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Verdure: Vegetable Recipes from the Kitchen of the American Academy in Rome, Rome Sustainable Food Project Hardcover – March 25, 2014
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"Broken into seasons (in order to emphasize the correct vegetables available for each time of year, respectively), this small, colorful volume packs a punch in flavor....If it's a tried and true approach to simple vegetables the reader wants, however, this is the book." -- Publishers Weekly
Praise for other Rome Sustainable Food Project cookbooks
"Dieters, beware: "Biscotti:" a smart little cookbook from the Little Bookroom, is Mephistopheles in cookie form.... With a foreword by Alice Waters, this book is the first of a series of small hardbacks devoted to a single subject that will provide a glimpse into the American Academy in Rome." --Pittsburgh Tribune
"Mona Talbott's Zuppe is smaller than a salad plate, but filled with 50 delicious, simple recipes...The recipes are classic Italian, but with [Mona's] own flair... The deliciousness-to-cheapness ratio of Talbott's recipes will give you a thrill." --Christine Muhlke, The New York Times Book Review
"Mona Talbott's Zuppe is as much a collection of inspiring Italian soup recipes--like puréed pea with mint--as it is a window into the eco-conscious, seasonal kitchen of the American Academy in Rome." -- T, The New York Times Style Magazine
"Direct from the Alice Waters-revolutionized kitchen of the American Academy in Rome comes this uniquely conceived and designed single-subject cookbook, Zuppe....the small book is a well-curated collection of recipes...and is Chez Panisse alumna Mona Talbott's elegant ode to the simplicity and elegant comfort of making soups for all seasons." -- Vogue.com
About the Author
Boswell started out as a dishwasher and a prep cook in the small gold rush town of Jackson California. He worked at Stars, Acquarello, and One Market restaurants before moving to Italy for a year to learn authentic Italian rustic cooking. He was then hired by Alice Waters and spent five years at Chez Panisse.
Elena Goldblatt moved to her mother’s native Rome when she was 12 years old. A graduate of Yale University, she interned in the Rome Sustainable Food Project kitchen in 2011, then went on to work for author and journalist Mark Bittman at The New York Times before returning to Rome to work with Chef Christopher Boswell on the RSFP cookbooks, Pasta and Contorni.
About the Photographer
Annie Schlechter has been working as a photographer since 1998. She spent from September 2009 to June 2010 living at the American Academy in Rome. Her clients include The World of Interiors, House Beautiful, The New York Times Magazine, Real Simple, W magazine, Travel & Leisure, and many more.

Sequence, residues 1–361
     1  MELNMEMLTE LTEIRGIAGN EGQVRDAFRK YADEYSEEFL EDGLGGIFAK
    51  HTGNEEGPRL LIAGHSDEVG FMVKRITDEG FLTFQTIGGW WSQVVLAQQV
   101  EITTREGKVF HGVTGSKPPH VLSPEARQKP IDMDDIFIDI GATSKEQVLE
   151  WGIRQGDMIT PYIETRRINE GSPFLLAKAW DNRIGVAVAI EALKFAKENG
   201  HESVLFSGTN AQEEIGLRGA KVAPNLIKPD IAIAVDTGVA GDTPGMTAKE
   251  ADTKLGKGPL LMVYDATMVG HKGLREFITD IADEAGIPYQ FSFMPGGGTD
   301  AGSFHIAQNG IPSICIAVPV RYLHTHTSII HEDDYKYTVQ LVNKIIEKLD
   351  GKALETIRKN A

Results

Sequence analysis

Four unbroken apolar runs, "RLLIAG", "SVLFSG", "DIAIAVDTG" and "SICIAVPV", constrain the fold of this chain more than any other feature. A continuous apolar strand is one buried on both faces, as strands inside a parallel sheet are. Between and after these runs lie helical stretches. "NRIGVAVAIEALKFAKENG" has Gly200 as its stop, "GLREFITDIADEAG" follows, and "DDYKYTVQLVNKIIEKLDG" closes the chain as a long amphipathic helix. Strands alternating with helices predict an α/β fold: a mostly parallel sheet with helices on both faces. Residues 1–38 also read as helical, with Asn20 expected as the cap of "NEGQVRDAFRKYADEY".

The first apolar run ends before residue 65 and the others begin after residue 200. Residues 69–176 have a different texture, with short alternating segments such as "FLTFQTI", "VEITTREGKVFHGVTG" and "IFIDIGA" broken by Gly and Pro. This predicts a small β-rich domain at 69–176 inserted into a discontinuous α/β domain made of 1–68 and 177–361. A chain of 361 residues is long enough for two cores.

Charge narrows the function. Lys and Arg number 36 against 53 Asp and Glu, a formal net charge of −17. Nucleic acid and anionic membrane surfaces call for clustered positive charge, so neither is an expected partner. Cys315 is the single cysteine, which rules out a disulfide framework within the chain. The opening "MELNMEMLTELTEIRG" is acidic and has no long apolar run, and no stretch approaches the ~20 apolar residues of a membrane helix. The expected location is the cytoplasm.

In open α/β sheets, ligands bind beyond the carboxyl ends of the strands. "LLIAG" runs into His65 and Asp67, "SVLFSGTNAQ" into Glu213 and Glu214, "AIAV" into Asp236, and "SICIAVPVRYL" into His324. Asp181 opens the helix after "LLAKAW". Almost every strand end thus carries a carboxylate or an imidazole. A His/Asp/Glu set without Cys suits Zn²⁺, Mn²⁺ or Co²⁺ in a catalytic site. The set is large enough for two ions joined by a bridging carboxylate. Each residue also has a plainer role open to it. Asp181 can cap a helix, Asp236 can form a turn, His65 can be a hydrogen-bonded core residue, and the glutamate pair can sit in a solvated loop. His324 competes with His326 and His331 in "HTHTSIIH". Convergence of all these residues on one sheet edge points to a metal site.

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Top Customer Reviews
Use it at least once a week
Very easy recipes and adaptable if you can't get all exact ingredients
It just seems to me that the recipes used too many words and had too many steps for very simple dishes with very few ingredients. For example: Shaved Fennel with Lemon Juice, Parsley and Parmesan. This recipe took one full page and had the facing page filled with a picture of the dish. Basically, Shave fennel, season with salt and pepper, squeeze lemon juice and olive oil over the fennel and garnish with parsley. That took 2 pages? What?
It took another 2 pages for Garden Lettuce Salad. This recipe tells you to wash the lettuce, make a dressing of vinegar, olive oil and salt, then season with salt and pepper. Do I really need a book for this?
Also, the back of the book had basic techniques explained. For example: Peel garlic, rinse capers, peel citrus, wash lettuce, etc. They were right, pretty basic!
There were other recipes with more ingredients, but ended up being just as basic as the two above and I wouldn't have minded so much if I wasn't led to believe the book was, I quote " Every recipe appears simple and is easy to execute, but rises far, far above the fundamental". Really? In what way? Just because they use two dozen words to say, "wash lettuce", it hardly rises far, far above the fundamental.
I guess I'm being harsh and I hate giving bad reviews, but I paid good money for this book and was very excited to receive it. Then to learn the book was just a bunch of pictures and waste of words was very, very disappointing.
I know Italy has to have better recipes than those two above.Read more ›
Most Recent Customer Reviews
This series is amazing. The recipes are in some ways similar to those in the Ottolenghi series, but in many ways these are simpler and just as delicious. Read morePublished 9 months ago by Michael Welt
Simple Italian recipes. If you don't like olive oil or garlic, avoid this book!
There are many vegetarian and vegan recipes, and the others can be easily veganized. Read more